Thoroughly understanding the infrastructure advantages and limitations of a potential cultivation site is generally understood as a key prerequisite to engineering a successful operation. Among the myriad of variables, a comprehensive evaluation of all things water is among the most overlooked as well as the most loaded with hidden costs. HyperLogic deals with ironing out these complications daily, and this post should serve as a basic, commonsense primer on water-related questions that should be answered before you invest in a property.
Find out your water chemistry
The first and most important step is source water testing. A potential site’s water chemistry needs to be understood deeply and thoroughly. The presence of certain contaminants could necessitate time consuming and expensive treatment interventions. Boron at elevated concentrations, for example, is notoriously costly to completely remove. Iron and Manganese at elevated levels will damage equipment and plumbing if left untreated, introducing unexpected costs that could eventually spell disaster. If the site requires a new well – be cautious. The well will need to be completely drilled before the water can get tested. It is also important to understand seasonal fluctuations in water quality; in some cases, this could mean the difference between treatment or not, especially if a consistent water chemistry input is a priority (as is the case with many large-scale cultivation operations).
Don’t underestimate wastewater disposal costs
Another critical water resource to investigate is waste water disposal. Disposal is easily taken for granted as a “non-issue” and could potentially become a huge problem requiring maintenance intensive and expensive solutions. Most importantly, can the current on-site waste water infrastructure handle the predicted amount of waste flow? Septic/sewer/leech field, etc., all have separate regulations, permit processes, and associated costs. The financial impact of having to retrofit a site’s waste water infrastructure is not something you want to find out after you invest in a property. In some cases, it may make more sense to simply haul off waste water through a professional disposal service. Also, while new technologies have created environmentally friendly waste water treatment solutions, the closer a facility gets to “minimum liquid discharge,” the more expensive the equipment to achieve that goal will be.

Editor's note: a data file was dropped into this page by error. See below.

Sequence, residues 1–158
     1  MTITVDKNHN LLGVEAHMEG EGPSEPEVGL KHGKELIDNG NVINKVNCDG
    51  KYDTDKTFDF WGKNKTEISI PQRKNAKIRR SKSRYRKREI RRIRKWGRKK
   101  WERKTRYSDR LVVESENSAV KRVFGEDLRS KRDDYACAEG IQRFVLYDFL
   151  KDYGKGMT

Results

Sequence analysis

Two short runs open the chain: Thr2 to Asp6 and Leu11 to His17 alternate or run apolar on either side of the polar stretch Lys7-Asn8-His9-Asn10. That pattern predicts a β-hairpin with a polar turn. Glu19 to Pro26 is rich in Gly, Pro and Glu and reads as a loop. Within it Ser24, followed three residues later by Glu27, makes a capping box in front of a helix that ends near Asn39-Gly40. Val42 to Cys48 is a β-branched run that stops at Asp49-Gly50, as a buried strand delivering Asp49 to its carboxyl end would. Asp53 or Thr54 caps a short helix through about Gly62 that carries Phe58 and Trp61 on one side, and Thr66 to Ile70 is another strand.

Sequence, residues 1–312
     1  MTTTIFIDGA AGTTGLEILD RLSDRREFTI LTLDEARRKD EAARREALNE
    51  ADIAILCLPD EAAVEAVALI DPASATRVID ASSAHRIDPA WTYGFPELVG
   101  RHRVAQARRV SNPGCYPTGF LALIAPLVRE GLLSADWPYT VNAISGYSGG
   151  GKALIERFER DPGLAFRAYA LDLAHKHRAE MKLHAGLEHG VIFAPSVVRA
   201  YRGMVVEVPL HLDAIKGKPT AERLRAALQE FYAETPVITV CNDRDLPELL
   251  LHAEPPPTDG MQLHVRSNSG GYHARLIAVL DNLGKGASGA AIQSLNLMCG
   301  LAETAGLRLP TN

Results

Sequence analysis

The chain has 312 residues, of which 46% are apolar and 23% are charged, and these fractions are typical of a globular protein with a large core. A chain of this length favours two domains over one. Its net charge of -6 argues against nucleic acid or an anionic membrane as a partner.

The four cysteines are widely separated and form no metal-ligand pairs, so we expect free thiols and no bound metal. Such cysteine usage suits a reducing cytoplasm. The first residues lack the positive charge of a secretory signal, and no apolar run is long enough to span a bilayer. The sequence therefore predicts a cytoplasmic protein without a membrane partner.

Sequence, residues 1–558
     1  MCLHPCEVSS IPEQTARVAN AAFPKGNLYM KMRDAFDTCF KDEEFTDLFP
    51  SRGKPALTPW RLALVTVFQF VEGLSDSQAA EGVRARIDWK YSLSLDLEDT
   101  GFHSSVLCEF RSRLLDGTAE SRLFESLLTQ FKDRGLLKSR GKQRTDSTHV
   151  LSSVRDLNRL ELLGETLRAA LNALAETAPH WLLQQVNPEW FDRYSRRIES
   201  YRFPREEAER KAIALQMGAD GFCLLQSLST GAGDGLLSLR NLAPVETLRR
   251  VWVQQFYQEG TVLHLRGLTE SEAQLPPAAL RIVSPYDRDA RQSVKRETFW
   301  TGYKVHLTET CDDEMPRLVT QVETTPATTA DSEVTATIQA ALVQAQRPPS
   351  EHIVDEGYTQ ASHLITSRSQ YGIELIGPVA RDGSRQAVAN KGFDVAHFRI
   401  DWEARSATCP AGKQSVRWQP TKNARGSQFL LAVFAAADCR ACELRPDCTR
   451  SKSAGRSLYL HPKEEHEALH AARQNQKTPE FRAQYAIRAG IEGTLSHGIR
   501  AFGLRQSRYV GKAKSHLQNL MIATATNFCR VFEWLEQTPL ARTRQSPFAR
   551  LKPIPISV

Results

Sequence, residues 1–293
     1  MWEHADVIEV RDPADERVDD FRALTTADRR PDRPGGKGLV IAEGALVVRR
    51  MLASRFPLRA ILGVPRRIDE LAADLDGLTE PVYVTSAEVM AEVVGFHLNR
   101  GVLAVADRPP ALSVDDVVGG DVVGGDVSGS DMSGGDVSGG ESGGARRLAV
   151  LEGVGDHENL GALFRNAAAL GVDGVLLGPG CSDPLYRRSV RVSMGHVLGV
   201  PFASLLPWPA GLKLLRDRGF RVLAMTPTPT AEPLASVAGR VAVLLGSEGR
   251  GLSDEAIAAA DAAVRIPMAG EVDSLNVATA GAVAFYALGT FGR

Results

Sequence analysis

Every drop counts
There are many secondary considerations concerning water as well. Maintaining irrigation equipment to circumvent breakdowns is critical. Understanding typical reoccurring costs is also extremely important. Low overhead, cost cutting techniques like reusing condensate water generated by HVAC systems can help boost the bottom line if purified water is a cost concern. *
*While close to pure, condensate water should always be filtered for organic compounds, dust and heavy metals prior to being used for irrigation.